However, peace was not long-lasting, even for religious compounds in the city and certainly not for a building as ostentatious as the Park Abbey refuge. The Norbertine refuge in Leuven was occupied by Habsburg troops from Spain in 1689 during the Nine Years’ War (1688–1697) against France, and then again in 1710 by French troops during the War of the Spanish Succession (1701–1714). Just before Leuven fell to the revolutionary troops from France, the Park Abbey refuge was sold in several lots in 1794 in order to pay the war tax. After Leuven was occupied after the French invasion (1795-1797), the French occupiers evicted and sold all religious and education institutions including the remaining parts of the Park Abbey refuge.
The Return of the Jesuits
With the edict of the Holy Roman Emperor Joseph II, the Jesuits were expelled from the Habsburg Netherlands in 1773, and in Leuven, they were forced to leave behind their beautiful monastery and church that became the Sint-Michelskerk. But in the 19th century, they found their way back to Leuven by buying over properties left behind by the Franciscans of the Minderbroedersklooster and by the Norbertines of the Park Abbey refuge. Apart from the house which is now Eygen Heerd, the Jesuits founded a college along the Minderbroederstraat. But in 1950s, the Jesuits moved their operations to Heverlee in the outskirts of Leuven. The rest of the property became a nursing home called Dijlehof and the sports complex of the Sint-Pieterscollege.
The Schutteputhuis: The ties between the Park Abbey and the Longbowmen’s Guild
With so many owners changing hands and so many events that had happened, it was a miracle that the house at Number 5 Minderbroederstraat survived with many of its 17th century features preserved.
The house was for sure part of the home of Dieric Bouts before it was transferred to the Norbertine friars in the 1480s. But it was not considered a standalone unit, until the records in 1675-1719 called it the “Schutteputhuis“. The name literally means “shooters’ hole“, which could either refer to a modern fox hole or bowmen’s den.
Why was Dieric Bouts’s house called that? This could be traced back to the ties between the Park Abbey’s Norbertines friars and the longbowmen’s guild. Below is the extract from the recent reopening of the Abdij van Park after years of restoration.
“Vinkenbos is een gehucht aan de Geldenaaksebaan, dat loopt tot vlak onder de Leuvense stadsmuren. Dit gebied was het hart van de schenking van Godfried met de Baard aan de norbertijnen (1129). Recente archeologische opgravingen bewijzen het belang van deze wijk even buiten de Parkpoort, langs wat vroeger heette de baene van Heverlee naar Hoegaarden. De gemeenschap van norbertijnen bepaalde in Vinkenbos het sociale leven en de abt had er ook rechterlijke macht. Park had hier bijvoorbeeld sinds de 16e eeuw een handboogschuttersgilde met een eigen lokaal of gildehuis én met paters onder de leden. Regelmatig vonden er schutterswedstrijden en optochten plaats, tot diep in de 19e eeuw. Diverse keren per jaar trokken de Parkkanunniken en de bewoners zij aan zij in processie door de heerlijkheid en hielden ze halt bij de Sint-Annakapel, vooraan aan de abdijdreef.”
“Vinkenbos is a hamlet on the Geldenaaksebaan, which runs just outside the Leuven’s outer city walls. This area was a gift of Count of Leuven, Godfrey I (with the Beard) to the Norbertines in 1129. Recent archaeological excavations prove the importance of this area just outside the ‘Parkpoort‘ city gate, along what used to be called the road from Heverlee to Hoegaarden. The Norbertine friars determined social life in Vinkenbos and the abbot also had judicial power there. The Park Abbey ran a longbowmen’s guild here since the 16th century with its own guild house with also some friars among its members. Shooting competitions and parades took place regularly until well into the 19th century. Several times a year, the Park friars and the Vinkenbos residents walked side by side in procession through the seigneury until the Saint-Anne’s Chapel in front of the abbey lane.”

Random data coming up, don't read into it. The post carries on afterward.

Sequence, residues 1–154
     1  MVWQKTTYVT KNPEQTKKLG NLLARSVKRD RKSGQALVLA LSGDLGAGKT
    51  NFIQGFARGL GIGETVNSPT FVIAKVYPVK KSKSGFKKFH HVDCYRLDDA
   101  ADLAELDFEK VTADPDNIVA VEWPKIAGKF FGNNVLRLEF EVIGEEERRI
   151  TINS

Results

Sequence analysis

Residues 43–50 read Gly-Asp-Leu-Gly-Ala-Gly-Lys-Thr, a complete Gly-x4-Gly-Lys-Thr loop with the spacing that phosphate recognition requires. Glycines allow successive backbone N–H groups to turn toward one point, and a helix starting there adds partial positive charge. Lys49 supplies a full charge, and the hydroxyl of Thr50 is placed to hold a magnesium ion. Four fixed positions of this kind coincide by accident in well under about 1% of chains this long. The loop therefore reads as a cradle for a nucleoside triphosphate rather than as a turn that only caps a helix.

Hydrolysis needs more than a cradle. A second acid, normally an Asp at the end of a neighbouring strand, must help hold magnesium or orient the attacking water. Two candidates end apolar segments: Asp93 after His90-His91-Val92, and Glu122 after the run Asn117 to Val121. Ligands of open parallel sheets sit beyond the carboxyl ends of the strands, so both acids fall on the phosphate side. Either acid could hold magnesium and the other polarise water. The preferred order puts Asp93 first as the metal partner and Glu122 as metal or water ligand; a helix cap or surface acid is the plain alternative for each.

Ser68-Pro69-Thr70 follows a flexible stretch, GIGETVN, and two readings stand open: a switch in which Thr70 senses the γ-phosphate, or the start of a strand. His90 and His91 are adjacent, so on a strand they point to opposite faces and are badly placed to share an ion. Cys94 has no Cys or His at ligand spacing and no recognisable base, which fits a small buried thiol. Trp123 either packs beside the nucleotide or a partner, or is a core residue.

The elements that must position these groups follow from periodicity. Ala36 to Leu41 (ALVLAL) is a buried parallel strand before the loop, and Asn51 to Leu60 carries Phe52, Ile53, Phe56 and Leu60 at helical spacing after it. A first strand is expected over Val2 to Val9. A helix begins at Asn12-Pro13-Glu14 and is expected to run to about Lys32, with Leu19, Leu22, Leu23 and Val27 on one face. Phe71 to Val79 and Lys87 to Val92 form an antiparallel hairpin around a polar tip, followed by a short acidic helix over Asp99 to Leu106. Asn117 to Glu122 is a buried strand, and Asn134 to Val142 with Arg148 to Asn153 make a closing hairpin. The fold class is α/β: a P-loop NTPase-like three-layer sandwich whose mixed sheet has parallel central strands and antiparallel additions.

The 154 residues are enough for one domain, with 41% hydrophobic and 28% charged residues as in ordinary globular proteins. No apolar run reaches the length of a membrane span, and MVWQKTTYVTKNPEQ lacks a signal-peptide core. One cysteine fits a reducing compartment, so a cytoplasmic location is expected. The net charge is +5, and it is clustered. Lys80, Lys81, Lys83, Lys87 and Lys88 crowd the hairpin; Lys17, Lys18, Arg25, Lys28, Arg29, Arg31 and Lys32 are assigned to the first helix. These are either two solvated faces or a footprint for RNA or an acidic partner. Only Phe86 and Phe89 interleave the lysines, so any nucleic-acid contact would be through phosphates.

Eygen Heerd (is Goud Weerd)
In 1871, the “Schutteputhuis” was bought by Petrus-Paulus-Maria Alberdingk Thijm (1827-1904). Born in Amsterdam but became a naturalised Belgian, Alberdingk Thijm was then professor of Dutch literature at the University of Leuven and also a co-founder of the Davidsfonds. Davidsfonds was and is a Catholic organisation in Dutch-speaking region of Belgium with the purpose of promoting the Dutch-language culture in the areas of literature, history and art. With the “pillarization” (verzuiling) of Belgian society, Davidsfonds (Catholic) together with the Vermeylenfonds (socialist) and the Willemsfonds (liberal), the three foundations aim to promote a national Dutch-speaking identity resulting from the Flemish Movement.
The late medieval phrase “Eygen Heerd is Goud Weerd” was the personal motto of Alberdingk Thijm. It translates into “one’s own hearth is gold’s worth”, and it means “one’s own house and family is above everything else“. The house and family in this context refers to the independent nationhood of Dutch-speaking Belgians.
Apart from naming his house “Eygen Heerd“, Alberdingk Thijm was also obsessed with Gothic art. He carried out various neo-Gothic modifications in his house, which can still be seen today.
One year after his death in 1903, the house came into the possession of the Katholieke Universiteit Leuven in 1946.
The Monumental Entrance of the Park Abbey Refuge
Actually, despite all the different parts of the Park Abbey Refuge being sold off after the French occupation, the monumental 17th century entrance of the Park Abbey refuge survived until the 1980s! In an archive image taken in 1979 which you can see below, the brick and sandstone Baroque facade rose six storeys high – which was considered a high rise building back then! Unfortunately, this had not been preserved and is now the Dijlehof nursing home just beside Eygen Heerd.
The Eygen Heerd now belongs to the KU Leuven, Leuven’s university. It is used as an office space.